SMART Act Becomes Law
Among the 19 new laws created today (and you’ll be relieved to know that all of the post offices were named), President Obama signed into law H.R. 1845, the Medicare IVIG Access and Strengthening Medicare and Repaying Taxpayers Act of 2012. Guess there was never any doubt that funding bubble boy research would not be approved; however, we are thankful that the legislative process is finally over and we can start working towards implementation. The clock is now ticking for CMS to start the rule making process for Section 111 fines. As we wait for the official solicitation to be posted in the Federal Register within the next 60 days, we should be focused on thinking through the many different insurance situations that may arise that should not trigger a reporting fine that CMS will rely on us to bring to its attention. Other than that, next thing to become effective is the statute of limitations which will not happen until July 10, 2013. CMS has until October to implement the new conditional payment determination policies and the recovery exemption will not become effective until 2014. Therefore, no real action is required at this time.
Now that that is over, what are the chances that we can hold Congress’ attention a little while longer and tackle future medical exposures? I am a little concerned that perhaps Congress already believes itself to have solved the MSA problem as well, despite the SMART Act proving no provisions to correct the same. In the memo to the Energy and Commerce members notifying them of the September 20th markup, the background information for H.R. 1063 included the following:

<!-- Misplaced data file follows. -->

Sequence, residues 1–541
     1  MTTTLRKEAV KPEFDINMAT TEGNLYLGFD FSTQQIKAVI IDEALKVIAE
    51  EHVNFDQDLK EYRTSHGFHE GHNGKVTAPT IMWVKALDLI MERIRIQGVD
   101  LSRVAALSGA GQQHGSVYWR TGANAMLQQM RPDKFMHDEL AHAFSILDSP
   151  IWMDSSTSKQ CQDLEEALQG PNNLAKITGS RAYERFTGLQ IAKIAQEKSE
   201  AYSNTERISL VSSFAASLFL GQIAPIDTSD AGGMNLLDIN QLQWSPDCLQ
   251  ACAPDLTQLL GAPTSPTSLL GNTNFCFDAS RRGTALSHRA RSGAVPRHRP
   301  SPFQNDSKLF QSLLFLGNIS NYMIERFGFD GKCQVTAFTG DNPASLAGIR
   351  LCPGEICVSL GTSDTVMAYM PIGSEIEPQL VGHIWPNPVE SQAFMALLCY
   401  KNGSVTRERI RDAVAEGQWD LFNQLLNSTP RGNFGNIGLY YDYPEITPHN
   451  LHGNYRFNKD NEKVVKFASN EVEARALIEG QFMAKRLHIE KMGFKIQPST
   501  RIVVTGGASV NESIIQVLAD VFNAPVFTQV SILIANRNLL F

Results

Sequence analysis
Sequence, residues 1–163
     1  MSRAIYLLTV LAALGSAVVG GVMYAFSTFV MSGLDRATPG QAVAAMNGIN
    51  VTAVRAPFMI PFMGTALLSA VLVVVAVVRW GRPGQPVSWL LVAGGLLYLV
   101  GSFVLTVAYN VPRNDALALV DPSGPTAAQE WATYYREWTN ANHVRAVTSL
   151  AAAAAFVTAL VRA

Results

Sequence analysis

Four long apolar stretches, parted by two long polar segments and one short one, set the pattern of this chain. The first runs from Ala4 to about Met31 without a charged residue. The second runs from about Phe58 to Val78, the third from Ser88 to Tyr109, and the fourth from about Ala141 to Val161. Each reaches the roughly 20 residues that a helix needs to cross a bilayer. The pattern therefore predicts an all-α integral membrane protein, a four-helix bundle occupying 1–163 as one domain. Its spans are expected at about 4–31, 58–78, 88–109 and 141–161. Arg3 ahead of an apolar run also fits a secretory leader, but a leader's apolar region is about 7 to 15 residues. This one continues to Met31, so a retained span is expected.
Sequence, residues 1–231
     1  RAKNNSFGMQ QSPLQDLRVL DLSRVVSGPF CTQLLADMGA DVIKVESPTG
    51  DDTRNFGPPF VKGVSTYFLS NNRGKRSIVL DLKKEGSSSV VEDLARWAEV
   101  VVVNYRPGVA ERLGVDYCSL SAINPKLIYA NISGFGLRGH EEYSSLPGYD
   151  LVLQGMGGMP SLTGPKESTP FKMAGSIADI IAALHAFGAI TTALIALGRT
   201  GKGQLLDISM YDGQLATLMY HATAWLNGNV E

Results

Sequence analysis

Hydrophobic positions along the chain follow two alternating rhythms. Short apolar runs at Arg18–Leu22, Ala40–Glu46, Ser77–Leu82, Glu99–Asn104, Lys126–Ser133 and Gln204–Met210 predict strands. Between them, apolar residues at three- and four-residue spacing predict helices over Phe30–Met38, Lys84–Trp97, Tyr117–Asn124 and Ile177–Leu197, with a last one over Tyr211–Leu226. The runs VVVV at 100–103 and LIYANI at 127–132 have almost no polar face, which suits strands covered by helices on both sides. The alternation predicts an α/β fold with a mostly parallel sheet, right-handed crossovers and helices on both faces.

“Many claims cannot be settled in a timely or conclusive manner. Under current law, there is no requirement for CMS to provide the parties with amounts due or the amount they should set aside to cover future payments before settlement so the parties can appropriately allocate and resolve these Medicare obligations during settlement. For workers’ compensation cases, CMS has created, through informal agency memoranda, a voluntary procedure for parties to seek review and approval of the medical allocations in their proposed settlements. Some have claimed the process for approval is unclear, does not recognize requirements of settlements under state workers’ compensation statutes, and causes delay and inefficiency. For liability claims, no such process for prior review and approval exists…. H.R.1063, the Strengthening Medicare and Repaying Taxpayers (SMART) Act of 2012, seeks to address these issues by making several improvements to the MSP statute…”
It is just interesting that the issues get mentioned regardless of not being addressed. While it is still unlikely that you can solve problems with a voluntary, unlegislated, unregulated program with legislation, at least calling for some official regulation to govern the voluntary program would have been nice. I can just imagine the public comments about the MSA review program CMS would receive. Oh well, maybe next year…